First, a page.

• tereliz

      I think it was a restroom in a bar, apparently downtown, but yeah, I totally agree with the rest of your statement.

      • Inspector_Gidget

        Doh, forgot that detail. But yeah, if they can throw acid in her face, they should be able to hit her with a sniper rifle.

    • Chelsea

      Right. And this insanely talented witch hunter had to marry an actual witch why? He LIVED in the coven!! He would have been able to kill the entire coven off in 5 minutes…. I can’t.

      • Sobaika

        We got confirmation that he lived in the school all this time (albeit traveling a lot) – so how did Nan not know??

        • Chelsea

          Good point although still confusing to me. He had mentioned having a key to the coven (or Delia mentioned the locks) and all his shit was there so again, I was confused. I don’t know why I even question this season anymore…

          • RectPropagation

            Yep. I’d been telling myself that maybe he was smart enough to avoid Nan but if they both *lived* there…nope.

      • BayTampaBay

        And do not forget…..the Witch Hunter kept trying to have a baby with his Witch wife…LOL! LOL!

        • Chelsea

          YES @BayTampaBay:disqus

  • ThaliaMenninger

    Somewhere, Lady Gaga is covering Frances Sternhagen’s look up top.

  • hellkell

    I covet Frances Conroy’s entire wardrobe on this show.

    My boss just walked up to me with a box and said, “give the thing in here a wash-n-set.” Good times!

    • Lea Setegn

      I want your boss!

  • Sly

    American Horror Story: Coven Is nominated for a Golden Globe! YAY!

    • jjtxgrrl

      Love AHS..but not sure why nominated really…

  • Lea Setegn

    Actually, the witch hunter corporation reminded me a lot more of Wolfram and Hart (the law firm that worked for evil) in Angel than of anything I saw on Buffy.

    • hellkell

      The guy who played Hank’s father’s assistant looked like Principal Wood from Buffy.

    • Carolyn

      The episode was written by Buffy/ Angel alum Tim Minear.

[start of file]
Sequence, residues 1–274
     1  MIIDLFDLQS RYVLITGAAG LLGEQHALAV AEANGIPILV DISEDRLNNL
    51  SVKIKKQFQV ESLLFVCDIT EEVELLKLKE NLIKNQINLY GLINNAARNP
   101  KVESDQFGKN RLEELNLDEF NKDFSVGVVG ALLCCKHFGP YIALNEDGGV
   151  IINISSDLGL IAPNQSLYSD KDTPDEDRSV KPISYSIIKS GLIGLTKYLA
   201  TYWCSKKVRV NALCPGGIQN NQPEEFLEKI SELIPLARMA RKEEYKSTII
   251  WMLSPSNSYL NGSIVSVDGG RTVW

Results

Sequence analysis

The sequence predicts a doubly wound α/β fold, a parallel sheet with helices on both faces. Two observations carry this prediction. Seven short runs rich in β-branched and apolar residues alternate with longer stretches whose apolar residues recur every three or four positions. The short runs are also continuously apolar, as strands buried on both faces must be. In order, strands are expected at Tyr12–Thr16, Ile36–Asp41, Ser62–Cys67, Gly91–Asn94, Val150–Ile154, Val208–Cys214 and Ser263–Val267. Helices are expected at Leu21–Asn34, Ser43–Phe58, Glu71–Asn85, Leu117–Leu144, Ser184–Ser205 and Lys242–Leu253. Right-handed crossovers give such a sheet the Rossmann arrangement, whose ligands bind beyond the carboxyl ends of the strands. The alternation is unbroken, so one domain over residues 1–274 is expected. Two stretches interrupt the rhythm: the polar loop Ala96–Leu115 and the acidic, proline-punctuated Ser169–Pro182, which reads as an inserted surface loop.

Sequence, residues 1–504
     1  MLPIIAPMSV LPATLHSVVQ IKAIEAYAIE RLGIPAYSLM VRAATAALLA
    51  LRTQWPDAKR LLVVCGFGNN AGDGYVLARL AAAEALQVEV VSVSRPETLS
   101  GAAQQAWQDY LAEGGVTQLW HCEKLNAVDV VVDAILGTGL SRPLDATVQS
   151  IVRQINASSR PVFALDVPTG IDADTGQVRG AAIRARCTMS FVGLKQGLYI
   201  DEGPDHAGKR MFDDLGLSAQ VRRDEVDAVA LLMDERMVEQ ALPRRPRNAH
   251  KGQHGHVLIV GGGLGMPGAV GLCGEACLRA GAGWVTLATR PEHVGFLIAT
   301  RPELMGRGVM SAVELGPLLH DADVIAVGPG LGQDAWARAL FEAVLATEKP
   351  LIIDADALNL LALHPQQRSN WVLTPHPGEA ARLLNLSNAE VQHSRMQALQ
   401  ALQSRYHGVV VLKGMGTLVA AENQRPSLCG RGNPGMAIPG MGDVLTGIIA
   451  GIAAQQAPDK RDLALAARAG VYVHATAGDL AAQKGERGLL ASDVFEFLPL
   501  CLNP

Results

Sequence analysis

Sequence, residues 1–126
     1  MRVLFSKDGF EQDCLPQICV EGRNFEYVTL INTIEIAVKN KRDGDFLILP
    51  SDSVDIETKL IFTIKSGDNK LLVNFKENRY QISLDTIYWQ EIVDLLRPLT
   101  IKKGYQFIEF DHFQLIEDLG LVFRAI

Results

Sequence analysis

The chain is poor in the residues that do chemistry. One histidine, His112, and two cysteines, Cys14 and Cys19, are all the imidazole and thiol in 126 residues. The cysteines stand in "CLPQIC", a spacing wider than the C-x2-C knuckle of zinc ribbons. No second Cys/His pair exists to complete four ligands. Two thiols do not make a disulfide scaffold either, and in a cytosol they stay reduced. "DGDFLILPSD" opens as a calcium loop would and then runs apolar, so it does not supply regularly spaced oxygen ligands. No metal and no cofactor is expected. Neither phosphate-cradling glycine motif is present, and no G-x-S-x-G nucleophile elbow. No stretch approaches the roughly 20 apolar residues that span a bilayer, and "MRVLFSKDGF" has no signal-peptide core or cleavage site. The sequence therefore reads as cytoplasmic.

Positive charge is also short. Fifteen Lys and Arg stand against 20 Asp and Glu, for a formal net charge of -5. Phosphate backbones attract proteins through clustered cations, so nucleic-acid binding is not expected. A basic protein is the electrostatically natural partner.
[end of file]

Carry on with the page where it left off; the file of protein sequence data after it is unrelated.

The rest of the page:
• jjtxgrrl

    Best AHS episode in recent history! Yay!
    Not scary AHS…but close enough I guess….
    :/

    But where are project runway recaps??? QVC is SQUARE… no Matta what!!! I want to dish on PR dammittt.

    • Shelley

      TLo wrote a post right before PR All Stars started saying they were burned out and taking a much needed break from PR commentary. I think they’re frustrated with the direction PR has gone in. You can probably find the post in their archives.

      • jjtxgrrl

        Ohhhh That’s right!!

        Well thanks for the reply and I completely understand where they are coming from….
        PR is not what it used to be!! :(

  • Claudia

    Wait…Queenie died? Was this from the gunshot to the stomach, then? Because I thought her voodoo shooting wouldn’t affect her?

    • janegray

      Plot holes are how you know it’s a Ryan Murphy show.

      • Fred Vaughn

        CO-SIGNED – I’ve *been* known this sloppiness since Nip/Tuck!

  • Emmyllou

    I’m so glad you led with the decidedly odd use of footage from the civil rights movement. I can’t help it, I was clubbed and gassed at the time & this sort of trivialization makes me angry. Maybe it shouldn’t—I don’t know. But it does.

  • eddiecheddar

    “The Big Bad has been revealed and it’s a bunch of corporate white guys
    in suits, a metaphor that – credit where it’s due – is kind of clever. ”

    This
    comment holds less weight because Buffy/Angel writing alum work
    on AHS, but the big bad in Angel was a bunch of corporate white guys
    first. My boyfriend loves AHS:Coven and is giddy to watch it every week
    (he hasn’t watched seasons 1+2 yet) and I hope it will be what gets him
    to finally sit down and watch Buffy with me.

  • Fred Vaughn

    She melonballed Brother Boy!! YOUUUU BASTARD!!